As originally published in the Reformed Music Journal Vol. 4, No. 2 (1991) Brookside Publishing Langly B.C.

Some who still sing the Psalms nevertheless try to avoid the distinctive features of the Psalms, and to deal with the Psalms in such a way that their differences from hymns of merely human composition are minimized. This wrong attitude toward the Psalms, if not checked by an intelligent appreciation of their real character and value, will ultimately lead (as it already has led in several denominations) to the abandonment of the Psalter as the book of praise. It is hoped that the present article may be used of the Holy Spirit to help some who dislike the Psalms, or who use them merely because of custom or tradition, to love the Psalms and to see them as part and parcel of the Biblical system of religion. "God shall enlarge Japheth, and he shall dwell in the tents of Shem"—Genesis 9:27,David as a Psalmist

The German scholar Delitzsch remarked that we are all Japhethites dwelling in the tents of Shem. The prophecy uttered by Noah was that God would enlarge Japheth and Japheth would dwell in the tents of Shem. In the Hebrew idiom, to dwell in the tents of someone means to be the inheritor of that person's wealth and estate.

Noah's prophecy concerned the broad lines of the future development of the various branches of the human race. God would enlarge Japheth. Japheth was the ancestor of the Indo-European peoples, to which we ourselves belong. It is a fact of history that for the last 2500 years the Indo-European peoples have been dominant in world affairs, not only in material and scientific progress, but also in political control of the major part of the civilized world. This dominance is today challenged by other peoples of the world, but it has not yet been completely overthrown. However, it is not this aspect of Noah's prophecy which particularly concerns us in the present article. We are now concerned especially with the prediction that Japheth should dwell in the tents of Shem.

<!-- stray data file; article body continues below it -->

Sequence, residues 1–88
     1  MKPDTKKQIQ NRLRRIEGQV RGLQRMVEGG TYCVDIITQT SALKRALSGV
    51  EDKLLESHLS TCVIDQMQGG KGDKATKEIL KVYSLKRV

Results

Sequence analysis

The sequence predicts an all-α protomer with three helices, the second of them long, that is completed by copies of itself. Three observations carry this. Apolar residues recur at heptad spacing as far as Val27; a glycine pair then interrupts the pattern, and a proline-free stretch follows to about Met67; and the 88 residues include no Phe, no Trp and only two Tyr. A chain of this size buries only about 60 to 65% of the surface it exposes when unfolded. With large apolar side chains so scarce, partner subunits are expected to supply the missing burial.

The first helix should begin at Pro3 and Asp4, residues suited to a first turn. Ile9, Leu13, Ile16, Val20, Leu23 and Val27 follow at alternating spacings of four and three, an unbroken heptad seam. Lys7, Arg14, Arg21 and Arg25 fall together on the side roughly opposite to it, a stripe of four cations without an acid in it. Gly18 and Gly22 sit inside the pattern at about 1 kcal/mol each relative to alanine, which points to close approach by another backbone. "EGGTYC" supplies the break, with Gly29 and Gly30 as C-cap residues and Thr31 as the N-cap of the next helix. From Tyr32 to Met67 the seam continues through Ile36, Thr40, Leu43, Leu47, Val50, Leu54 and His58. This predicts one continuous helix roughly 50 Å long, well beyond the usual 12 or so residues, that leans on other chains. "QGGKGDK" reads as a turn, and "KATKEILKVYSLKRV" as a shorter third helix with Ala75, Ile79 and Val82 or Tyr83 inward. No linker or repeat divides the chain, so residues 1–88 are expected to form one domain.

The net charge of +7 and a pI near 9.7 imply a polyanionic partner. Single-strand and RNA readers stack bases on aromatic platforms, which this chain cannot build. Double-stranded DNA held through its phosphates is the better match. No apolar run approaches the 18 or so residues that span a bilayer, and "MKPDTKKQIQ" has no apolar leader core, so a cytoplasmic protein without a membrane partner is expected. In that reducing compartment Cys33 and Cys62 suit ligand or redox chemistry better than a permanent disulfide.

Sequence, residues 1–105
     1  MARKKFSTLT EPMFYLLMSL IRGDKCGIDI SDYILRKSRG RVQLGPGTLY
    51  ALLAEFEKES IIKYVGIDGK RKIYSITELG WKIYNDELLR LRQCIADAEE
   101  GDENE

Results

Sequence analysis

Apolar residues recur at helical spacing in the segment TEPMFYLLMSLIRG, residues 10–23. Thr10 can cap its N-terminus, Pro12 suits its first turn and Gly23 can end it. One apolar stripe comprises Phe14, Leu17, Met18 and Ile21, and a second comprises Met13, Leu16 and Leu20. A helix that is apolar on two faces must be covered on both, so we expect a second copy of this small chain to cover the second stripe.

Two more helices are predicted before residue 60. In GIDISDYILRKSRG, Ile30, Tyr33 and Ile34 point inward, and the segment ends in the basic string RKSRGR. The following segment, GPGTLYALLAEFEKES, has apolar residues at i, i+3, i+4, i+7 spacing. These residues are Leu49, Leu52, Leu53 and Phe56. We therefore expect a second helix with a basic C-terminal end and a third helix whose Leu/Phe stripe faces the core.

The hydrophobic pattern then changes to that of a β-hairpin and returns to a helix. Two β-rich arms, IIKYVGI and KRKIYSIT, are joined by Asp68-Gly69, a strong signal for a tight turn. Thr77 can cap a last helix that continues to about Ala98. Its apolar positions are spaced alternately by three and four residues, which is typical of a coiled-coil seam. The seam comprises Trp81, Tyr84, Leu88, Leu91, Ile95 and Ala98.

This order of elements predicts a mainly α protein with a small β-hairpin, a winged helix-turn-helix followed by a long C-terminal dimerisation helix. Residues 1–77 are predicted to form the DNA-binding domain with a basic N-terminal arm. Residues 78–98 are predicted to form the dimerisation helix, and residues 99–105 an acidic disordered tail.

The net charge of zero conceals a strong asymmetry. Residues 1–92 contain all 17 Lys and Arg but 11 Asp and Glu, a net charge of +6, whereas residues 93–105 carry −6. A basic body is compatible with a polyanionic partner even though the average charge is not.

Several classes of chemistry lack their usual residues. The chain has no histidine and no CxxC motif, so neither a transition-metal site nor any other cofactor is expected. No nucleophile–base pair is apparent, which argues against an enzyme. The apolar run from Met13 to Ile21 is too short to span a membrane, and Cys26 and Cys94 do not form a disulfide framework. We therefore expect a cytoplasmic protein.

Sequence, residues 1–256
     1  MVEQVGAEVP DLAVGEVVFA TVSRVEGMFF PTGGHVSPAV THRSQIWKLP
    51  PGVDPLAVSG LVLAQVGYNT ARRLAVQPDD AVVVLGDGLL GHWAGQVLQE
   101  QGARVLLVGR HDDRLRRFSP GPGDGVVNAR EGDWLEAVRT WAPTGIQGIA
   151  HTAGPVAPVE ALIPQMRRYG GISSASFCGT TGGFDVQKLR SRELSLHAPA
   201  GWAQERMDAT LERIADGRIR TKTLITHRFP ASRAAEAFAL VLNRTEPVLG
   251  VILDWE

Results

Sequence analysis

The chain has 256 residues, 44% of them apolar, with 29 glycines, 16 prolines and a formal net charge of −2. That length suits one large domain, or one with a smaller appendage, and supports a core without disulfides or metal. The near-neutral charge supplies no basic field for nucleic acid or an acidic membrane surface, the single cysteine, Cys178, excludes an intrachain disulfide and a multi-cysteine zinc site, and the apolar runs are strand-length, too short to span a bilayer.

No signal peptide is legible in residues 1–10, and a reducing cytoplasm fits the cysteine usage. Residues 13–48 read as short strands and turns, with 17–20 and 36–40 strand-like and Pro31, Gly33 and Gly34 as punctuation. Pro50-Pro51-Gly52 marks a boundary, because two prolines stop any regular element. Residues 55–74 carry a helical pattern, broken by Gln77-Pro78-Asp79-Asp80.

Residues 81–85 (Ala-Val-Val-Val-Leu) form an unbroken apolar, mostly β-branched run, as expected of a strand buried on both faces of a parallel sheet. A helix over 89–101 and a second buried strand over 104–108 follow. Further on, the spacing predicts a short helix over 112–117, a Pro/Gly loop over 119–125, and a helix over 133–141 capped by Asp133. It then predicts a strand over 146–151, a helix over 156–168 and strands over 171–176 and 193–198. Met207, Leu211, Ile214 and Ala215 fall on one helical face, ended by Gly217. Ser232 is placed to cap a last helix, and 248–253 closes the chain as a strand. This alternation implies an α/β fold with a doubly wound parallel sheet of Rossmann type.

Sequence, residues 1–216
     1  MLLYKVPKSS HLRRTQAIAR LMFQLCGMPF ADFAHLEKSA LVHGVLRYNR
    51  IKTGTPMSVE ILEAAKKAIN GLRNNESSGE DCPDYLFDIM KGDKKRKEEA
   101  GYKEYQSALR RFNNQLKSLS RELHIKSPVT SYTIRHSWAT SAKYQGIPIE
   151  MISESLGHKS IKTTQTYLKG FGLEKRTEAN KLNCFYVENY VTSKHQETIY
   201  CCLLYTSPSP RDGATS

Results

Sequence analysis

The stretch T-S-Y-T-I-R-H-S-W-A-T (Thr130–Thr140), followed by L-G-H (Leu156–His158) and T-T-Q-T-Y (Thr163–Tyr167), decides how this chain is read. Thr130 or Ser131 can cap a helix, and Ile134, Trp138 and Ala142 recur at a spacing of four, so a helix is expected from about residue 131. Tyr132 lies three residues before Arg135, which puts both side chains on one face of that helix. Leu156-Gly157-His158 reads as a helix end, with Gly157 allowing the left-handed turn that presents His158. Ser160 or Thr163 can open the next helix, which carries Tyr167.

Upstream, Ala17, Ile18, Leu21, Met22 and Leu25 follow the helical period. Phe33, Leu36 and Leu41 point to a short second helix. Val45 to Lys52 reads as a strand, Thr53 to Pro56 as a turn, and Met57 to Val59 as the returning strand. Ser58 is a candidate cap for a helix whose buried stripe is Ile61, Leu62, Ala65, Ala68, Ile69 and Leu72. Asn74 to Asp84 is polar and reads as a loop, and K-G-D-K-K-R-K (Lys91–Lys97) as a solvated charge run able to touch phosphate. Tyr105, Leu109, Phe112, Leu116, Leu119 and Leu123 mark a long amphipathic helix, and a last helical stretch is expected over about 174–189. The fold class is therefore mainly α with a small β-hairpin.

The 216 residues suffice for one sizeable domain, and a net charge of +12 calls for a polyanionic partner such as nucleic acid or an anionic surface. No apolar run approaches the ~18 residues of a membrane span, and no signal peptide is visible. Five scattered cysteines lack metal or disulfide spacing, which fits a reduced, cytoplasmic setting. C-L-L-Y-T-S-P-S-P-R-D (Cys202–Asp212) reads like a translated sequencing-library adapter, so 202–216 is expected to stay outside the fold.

It is particularly in the matter of religion that the Christian people of Europe and America dwell in the tents of Shem. Our religion is an inheritance from the descendents of Shem. It has come down to us, in the providence of God, from Semitic sources.

Some people do not like this idea. In Nazi Germany before World War II there was a violent revolt against it. The so-called "German Christians" attempted to purge Christianity and the Church from Jewish influences and traditions. Some Germans went even farther than this, and brazenly returned to the idolatrous nature-worship of their pagan ancestors—the old German gods of storm and forest and mountain. But the old gods did not help them, and pagan Nazi Germany went down to dismal defeat.

It is still true that Christians of Europe and America dwell in the tents of Shem. Our religious heritage has come to us from the children of Israel, the children of Shem. Our very Christ was a Jew. Our Bible was written almost entirely by Israelites. Our religious thought-forms, vocabulary, sacraments, worship, church-government, all have come to us, humanly speaking, from Israel.

It is important to realize that this is not an accident; it is the intended purpose of God. God intended that the true, saving religion of Christianity should be given to the world through a Semitic, Israelitish channel. He purposed that Japheth should dwell in the tents of Shem. Our religion is not indigenous to our race. We Christians of the Indo-European race have a religion which came from a different source. We can never go back to the old gods of our ancestors. We have known the truth; the true light has dawned upon us. It is the light from God, but it has come to us through the channel of Israel.

Since this has been the plan and purpose of God, we should not despise it nor should we rebel against it. We might prefer that the Saviour of the world had been a Greek or a Roman, of the same race as ourselves. But God did not purpose it so. The proverb says that beggars cannot be choosers, and our position before God is that of beggars. We are thankful to have Christ as our Saviour, and since it pleased the sovereign God to bring His Son into the world through the seed of Abraham, we can only thank and praise Him for it.
What does all this imply? It certainly implies, at any rate, that we should not seek to escape or evade those features of our religion which bear the label of Shem. We should not object to what bears the stamp of Israelitish origin. To do so is to rebel against the wisdom and goodness of God. God chose that the sons of Japheth, in the matter of religion, should dwell in the tents of Shem. We should respond: "Even so, Father, for so it seemed good in Thy sight."